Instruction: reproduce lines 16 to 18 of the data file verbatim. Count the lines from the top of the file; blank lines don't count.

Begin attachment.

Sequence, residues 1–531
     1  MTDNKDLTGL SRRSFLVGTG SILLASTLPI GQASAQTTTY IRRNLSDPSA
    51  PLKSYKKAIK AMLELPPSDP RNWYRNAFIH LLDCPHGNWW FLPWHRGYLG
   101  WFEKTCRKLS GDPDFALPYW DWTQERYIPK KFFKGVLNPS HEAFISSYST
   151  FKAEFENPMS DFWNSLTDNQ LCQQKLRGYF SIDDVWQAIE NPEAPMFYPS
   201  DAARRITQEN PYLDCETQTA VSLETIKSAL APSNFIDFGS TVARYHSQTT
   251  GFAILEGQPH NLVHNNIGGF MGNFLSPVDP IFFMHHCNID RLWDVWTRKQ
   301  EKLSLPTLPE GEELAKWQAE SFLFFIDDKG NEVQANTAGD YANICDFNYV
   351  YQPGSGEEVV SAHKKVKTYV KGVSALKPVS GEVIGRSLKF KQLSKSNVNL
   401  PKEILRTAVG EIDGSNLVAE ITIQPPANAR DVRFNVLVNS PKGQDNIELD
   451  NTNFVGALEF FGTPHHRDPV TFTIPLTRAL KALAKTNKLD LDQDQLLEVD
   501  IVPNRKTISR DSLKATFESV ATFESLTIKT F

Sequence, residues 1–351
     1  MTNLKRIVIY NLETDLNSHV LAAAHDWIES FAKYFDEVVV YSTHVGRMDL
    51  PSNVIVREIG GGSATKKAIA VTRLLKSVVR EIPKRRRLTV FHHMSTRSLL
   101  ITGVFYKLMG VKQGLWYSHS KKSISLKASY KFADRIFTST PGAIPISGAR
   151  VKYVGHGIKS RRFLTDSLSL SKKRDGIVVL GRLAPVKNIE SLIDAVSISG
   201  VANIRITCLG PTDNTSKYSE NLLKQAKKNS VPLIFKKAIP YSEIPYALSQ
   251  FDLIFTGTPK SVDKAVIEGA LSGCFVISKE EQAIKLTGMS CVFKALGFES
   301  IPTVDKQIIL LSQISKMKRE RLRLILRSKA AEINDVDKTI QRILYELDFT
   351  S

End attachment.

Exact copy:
   101  ITGVFYKLMG VKQGLWYSHS KKSISLKASY KFADRIFTST PGAIPISGAR
   151  VKYVGHGIKS RRFLTDSLSL SKKRDGIVVL GRLAPVKNIE SLIDAVSISG
   201  VANIRITCLG PTDNTSKYSE NLLKQAKKNS VPLIFKKAIP YSEIPYALSQ